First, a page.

Police used a drone to track down a missing person

Police used a drone to track down a missing person

Police used a drone to track down a missing person from Nuneaton during the first week of a trial of the technology.

Officers in Warwickshire revealed that they were planning to use the technology last October – with a trial planned to gauge public support and value for money.

That trial started recently, with drones being deployed to a wide variety of incidents across the Warwickshire and West Mercia force areas.

And on February 2, when a man went missing from his home in Nuneaton, police sent out their eye in the sky out to help.

The missing person was found by officers and has since been reunited with his family.

Insp Damian Sowrey, who is overseeing the trial, said: “During the trial drones will be used in two ways – they may be deployed to an incident as a resource to assist or they may be used in a pre-planned operation for example to help manage public safety at an event.

“During the first week of the trial despite challenging wet and windy weather conditions, the drone has helped us gather evidence by taking aerial photographs of road traffic collisions and also assisted officers search an area by providing an aerial view that can be viewed from the ground.

The drone was used for the first time on January 25 to try and track down someone who had been in a car accident and left their vehicle.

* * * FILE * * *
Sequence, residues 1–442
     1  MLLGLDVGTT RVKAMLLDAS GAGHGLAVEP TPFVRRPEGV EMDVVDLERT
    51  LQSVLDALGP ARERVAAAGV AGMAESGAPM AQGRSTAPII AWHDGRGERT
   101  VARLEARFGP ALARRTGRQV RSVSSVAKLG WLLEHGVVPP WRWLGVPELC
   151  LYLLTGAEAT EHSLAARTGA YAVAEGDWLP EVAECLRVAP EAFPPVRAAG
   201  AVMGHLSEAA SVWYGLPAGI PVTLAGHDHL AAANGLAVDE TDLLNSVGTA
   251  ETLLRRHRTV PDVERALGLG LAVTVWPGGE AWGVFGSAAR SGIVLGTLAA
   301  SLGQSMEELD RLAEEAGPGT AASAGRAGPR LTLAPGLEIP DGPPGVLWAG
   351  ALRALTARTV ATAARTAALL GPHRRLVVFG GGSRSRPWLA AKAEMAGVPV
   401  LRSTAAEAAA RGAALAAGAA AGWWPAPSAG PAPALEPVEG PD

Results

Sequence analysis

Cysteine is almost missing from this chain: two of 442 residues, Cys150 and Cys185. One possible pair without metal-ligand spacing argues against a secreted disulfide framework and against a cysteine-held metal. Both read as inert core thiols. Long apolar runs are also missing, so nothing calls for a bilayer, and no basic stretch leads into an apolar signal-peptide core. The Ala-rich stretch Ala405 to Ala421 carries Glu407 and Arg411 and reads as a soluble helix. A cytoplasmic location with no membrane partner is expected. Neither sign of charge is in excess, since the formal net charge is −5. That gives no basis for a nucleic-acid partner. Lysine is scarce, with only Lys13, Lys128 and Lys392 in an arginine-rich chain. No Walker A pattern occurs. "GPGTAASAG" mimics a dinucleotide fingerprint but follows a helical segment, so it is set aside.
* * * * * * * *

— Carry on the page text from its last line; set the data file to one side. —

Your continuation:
The occupant later rang the police to confirm that he was ok.

It was used for the same purpose on February 3 following a crash and the following day to find a driver after a stolen car crashed near Bromsgrove.

Demonstration of drones at Warwickshire Police HQ
Demonstration of drones at Warwickshire Police HQ

Insp Sowrey added “Whilst there are a lot of benefits to the use of drones, we are keen to reassure the public that their safety is of paramount importance at all times.

Policies and procedures have been put in place to ensure that air operations using these small drones are carried out safely, ethically and in accordance with relevant CAA regulations.”

Each drone is controlled by a fully trained operator who has physical responsibility for the direction and control of the aircraft.

A second person is responsible for operating the photographic equipment attached to the device.

SOURCE: COVENTRY TELEGRAPH

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